Arthroscopy is a minimally invasive surgical procedure used to visualize, diagnose, and treat problems within a joint. It involves the use of an arthroscope, a thin, flexible fiber-optic instrument that is inserted into the joint through small incisions. The arthroscope contains a light source and a camera, which allows the surgeon to view the inside of the joint on a monitor.
During an arthroscopy, the surgeon can examine various structures within the joint, including the cartilage, ligaments, tendons, and synovium (the lining of the joint). This allows for a detailed assessment of the joint’s condition and the identification of any abnormalities or damage.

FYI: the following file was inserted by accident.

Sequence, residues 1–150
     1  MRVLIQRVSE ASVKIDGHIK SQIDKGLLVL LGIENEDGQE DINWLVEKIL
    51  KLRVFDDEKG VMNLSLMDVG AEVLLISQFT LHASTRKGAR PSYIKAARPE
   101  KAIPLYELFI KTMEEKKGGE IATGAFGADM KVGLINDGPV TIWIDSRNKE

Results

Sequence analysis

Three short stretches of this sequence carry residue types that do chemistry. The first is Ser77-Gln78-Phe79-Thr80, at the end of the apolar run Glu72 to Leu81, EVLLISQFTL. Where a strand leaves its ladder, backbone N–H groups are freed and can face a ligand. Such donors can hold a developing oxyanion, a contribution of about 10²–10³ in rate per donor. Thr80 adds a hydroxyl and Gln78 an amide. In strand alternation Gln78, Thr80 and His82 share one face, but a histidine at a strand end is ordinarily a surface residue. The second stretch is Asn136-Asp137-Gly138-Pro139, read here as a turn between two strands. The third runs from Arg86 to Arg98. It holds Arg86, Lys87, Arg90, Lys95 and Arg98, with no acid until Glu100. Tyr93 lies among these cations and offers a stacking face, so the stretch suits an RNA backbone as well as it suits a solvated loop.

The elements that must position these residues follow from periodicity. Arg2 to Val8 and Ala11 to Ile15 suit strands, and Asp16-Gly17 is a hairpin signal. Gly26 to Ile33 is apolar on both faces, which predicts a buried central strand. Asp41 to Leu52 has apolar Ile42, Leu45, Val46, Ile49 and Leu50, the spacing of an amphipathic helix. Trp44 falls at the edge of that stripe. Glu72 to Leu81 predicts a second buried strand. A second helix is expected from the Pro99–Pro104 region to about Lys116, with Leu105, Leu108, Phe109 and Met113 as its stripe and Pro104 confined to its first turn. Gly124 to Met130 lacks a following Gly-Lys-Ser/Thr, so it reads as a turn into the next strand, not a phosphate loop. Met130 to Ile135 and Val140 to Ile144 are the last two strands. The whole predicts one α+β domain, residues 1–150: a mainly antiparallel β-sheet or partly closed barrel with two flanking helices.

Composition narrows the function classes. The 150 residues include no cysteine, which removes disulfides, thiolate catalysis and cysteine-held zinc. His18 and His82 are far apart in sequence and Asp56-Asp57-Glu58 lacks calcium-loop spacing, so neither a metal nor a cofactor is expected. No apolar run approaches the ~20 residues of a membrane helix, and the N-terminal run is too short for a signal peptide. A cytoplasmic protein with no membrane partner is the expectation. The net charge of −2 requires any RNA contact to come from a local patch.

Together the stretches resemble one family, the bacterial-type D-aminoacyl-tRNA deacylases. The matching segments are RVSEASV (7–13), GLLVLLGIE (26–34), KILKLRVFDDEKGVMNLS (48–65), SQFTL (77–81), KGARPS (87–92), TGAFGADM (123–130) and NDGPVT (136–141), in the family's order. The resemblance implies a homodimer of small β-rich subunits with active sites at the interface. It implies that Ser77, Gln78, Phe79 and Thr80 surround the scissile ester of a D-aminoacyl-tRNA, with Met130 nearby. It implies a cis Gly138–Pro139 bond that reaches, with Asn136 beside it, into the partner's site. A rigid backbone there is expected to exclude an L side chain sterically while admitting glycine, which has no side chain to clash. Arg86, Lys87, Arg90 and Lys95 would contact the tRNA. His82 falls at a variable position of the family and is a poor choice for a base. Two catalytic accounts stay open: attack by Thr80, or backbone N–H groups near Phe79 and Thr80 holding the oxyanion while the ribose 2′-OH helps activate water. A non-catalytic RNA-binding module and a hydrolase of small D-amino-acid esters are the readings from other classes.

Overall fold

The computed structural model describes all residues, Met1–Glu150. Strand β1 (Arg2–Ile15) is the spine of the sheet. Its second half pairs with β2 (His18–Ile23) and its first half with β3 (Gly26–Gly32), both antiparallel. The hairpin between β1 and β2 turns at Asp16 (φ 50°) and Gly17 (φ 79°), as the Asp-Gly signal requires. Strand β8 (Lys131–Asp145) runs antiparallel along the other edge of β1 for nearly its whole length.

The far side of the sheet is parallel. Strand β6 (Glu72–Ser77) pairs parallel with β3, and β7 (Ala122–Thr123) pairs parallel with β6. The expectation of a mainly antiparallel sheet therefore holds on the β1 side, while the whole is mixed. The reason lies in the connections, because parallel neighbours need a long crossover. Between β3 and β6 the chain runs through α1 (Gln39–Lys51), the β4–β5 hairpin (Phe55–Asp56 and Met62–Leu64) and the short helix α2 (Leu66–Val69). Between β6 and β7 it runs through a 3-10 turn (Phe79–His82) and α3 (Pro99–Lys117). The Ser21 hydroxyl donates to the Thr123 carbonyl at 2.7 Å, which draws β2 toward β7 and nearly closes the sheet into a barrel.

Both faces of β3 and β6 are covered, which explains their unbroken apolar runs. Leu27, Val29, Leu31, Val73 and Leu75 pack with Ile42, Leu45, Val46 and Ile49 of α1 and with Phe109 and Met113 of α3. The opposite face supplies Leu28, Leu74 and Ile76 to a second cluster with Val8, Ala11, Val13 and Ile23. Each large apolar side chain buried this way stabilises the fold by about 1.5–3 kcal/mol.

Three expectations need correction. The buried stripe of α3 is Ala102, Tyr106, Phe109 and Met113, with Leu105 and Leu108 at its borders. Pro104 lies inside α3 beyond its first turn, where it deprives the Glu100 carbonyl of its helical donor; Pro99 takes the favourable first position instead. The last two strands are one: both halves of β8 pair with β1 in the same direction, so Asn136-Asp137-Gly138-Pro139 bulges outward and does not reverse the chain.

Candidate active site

Arthroscopy can be performed on various joints in the body, such as the knee, shoulder, hip, ankle, elbow, and wrist. It is commonly used to diagnose and treat conditions such as:
The benefits of arthroscopy compared to traditional open surgery include smaller incisions, less tissue damage, reduced pain, faster recovery, and potentially fewer complications. However, not all joint conditions can be treated with arthroscopy, and in some cases, open surgery may be necessary.
It’s important to consult with an orthopedic surgeon to determine if arthroscopy is appropriate for your specific condition and to discuss the potential risks and benefits associated with the procedure.